Singapore’s Puzzling Embrace of Shareholder Stewardship: A Successful Secret

NUS Law Working Paper No. 2019/022

NUS Centre for Asian Legal Studies Working Paper 19/07

NUS EW Barker Centre for Law & Business Working Paper 19/04

Vanderbilt Journal of Transnational Law (Forthcoming)

European Corporate Governance Institute - Law Working Paper No. 484/2019

41 Pages Posted: 24 Oct 2019 Last revised: 13 Dec 2019

See all articles by Dan W. Puchniak

Dan W. Puchniak

NUS Law; ECGI

Samantha Tang

National University of Singapore (NUS) - Faculty of Law

Date Written: October 23, 2019

Abstract

In the wake of the 2008 Global Financial Crisis, the UK created the first stewardship code which was designed to transform its rationally passive institutional investors into actively engaged shareholders. In the UK corporate governance context, this idea made sense. Institutional investors collectively own a sizable majority of the shares in most of the UK’s listed companies. In turn, if the UK stewardship code could incentivize them to effectively monitor management – to act as “good shareholder stewards” – the managerial short-termism and excessive risk-taking, which were identified as contributors to the GFC, could be avoided.

The UK’s idea to adopt a stewardship code sparked a global shareholder stewardship movement. Unsurprisingly, Singapore as a corporate governance leader in Asia, adopted a stewardship code. Based on a superficial textual analysis, the Singapore Code appears to be a near carbon-copy of the UK Code. However, this article, which provides the first in-depth comparative analysis of stewardship in Singapore, demonstrates how Singapore has turned the UK model of stewardship on its head. Rather than enhancing the shareholder voice of institutional investors, shareholder stewardship has been used in Singapore as a mechanism for entrenching its successful state-controlled and family-controlled system of corporate governance. This development has been entirely overlooked by prominent international observers and would be beyond the wildest imaginations of the original architects of the UK Code. Viewed through an Anglo-American lens, this use of “stewardship” may suggest that Singapore has engaged in a corporate governance sham. However, we argue the opposite: it appears to be a secret to Singapore’s continued corporate governance success and provides a much-needed Asian (as opposed to Anglo-American) model of good corporate governance for Asia.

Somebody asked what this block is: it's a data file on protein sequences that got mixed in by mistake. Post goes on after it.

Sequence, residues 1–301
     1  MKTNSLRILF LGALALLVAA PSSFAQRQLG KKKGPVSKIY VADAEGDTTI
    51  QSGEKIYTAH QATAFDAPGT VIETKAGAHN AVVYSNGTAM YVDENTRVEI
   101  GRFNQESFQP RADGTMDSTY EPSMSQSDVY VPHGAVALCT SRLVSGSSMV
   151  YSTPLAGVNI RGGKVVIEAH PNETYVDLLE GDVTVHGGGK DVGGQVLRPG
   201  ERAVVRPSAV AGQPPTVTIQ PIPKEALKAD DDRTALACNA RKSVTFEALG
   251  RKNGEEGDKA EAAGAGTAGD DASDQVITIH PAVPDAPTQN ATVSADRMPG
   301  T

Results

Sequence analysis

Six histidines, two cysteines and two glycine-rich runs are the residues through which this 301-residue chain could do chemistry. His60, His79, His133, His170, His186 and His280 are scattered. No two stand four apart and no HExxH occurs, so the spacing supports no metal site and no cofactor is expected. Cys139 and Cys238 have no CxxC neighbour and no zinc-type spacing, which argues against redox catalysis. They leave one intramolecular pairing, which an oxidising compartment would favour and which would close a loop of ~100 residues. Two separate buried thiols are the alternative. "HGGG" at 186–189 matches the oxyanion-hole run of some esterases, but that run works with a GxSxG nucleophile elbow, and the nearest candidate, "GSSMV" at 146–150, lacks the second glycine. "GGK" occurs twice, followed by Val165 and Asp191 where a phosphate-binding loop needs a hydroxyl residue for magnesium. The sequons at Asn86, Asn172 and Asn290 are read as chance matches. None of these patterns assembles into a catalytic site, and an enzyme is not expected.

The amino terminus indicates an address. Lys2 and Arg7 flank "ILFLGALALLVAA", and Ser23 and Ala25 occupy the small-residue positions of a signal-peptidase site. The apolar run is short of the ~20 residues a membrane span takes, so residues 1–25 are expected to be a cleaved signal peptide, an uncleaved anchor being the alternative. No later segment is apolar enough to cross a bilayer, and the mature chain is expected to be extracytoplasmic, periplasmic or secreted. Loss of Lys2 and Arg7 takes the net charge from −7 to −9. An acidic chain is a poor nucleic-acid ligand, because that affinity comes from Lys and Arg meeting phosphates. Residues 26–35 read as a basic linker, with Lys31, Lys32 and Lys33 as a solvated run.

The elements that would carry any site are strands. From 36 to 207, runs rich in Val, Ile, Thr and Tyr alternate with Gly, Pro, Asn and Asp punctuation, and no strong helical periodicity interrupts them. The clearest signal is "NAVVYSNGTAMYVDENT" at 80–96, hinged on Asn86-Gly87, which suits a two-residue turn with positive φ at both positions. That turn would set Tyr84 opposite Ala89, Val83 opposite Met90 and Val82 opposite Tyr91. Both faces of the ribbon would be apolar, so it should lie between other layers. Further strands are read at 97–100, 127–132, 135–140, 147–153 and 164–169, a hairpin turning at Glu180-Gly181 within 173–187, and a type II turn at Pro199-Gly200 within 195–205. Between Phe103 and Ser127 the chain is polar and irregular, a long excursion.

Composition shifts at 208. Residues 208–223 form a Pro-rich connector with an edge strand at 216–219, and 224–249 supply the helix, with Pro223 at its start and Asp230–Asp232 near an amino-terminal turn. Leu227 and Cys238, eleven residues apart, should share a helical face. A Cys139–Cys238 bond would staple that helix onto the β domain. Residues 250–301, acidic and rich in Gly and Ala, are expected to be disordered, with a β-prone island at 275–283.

Keywords: shareholder stewardship, Singapore corporate governance, comparative corporate law, state owed enterprises, family firms

JEL Classification: G34, K22, L22

Suggested Citation

Puchniak, Dan W. and Tang, Samantha, Singapore’s Puzzling Embrace of Shareholder Stewardship: A Successful Secret (October 23, 2019). NUS Law Working Paper No. 2019/022, NUS Centre for Asian Legal Studies Working Paper 19/07, NUS EW Barker Centre for Law & Business Working Paper 19/04, Vanderbilt Journal of Transnational Law (Forthcoming), European Corporate Governance Institute - Law Working Paper No. 484/2019, Available at SSRN: https://ssrn.com/abstract=3474151 or http://dx.doi.org/10.2139/ssrn.3474151

Dan W. Puchniak (Contact Author)

NUS Law ( email )

469G Bukit Timah Road
Eu Tong Sen Building
Singapore, 259776
Singapore
(65) 6516 3625 (Phone)

HOME PAGE: http://https://law.nus.edu.sg/people/dan-w-puchniak/

ECGI ( email )

c/o the Royal Academies of Belgium
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1000 Brussels
Belgium

HOME PAGE: http://https://ecgi.global/users/dan-puchniak

Samantha Tang

National University of Singapore (NUS) - Faculty of Law ( email )

469G Bukit Timah Road
Eu Tong Sen Building
Singapore, 259776
Singapore

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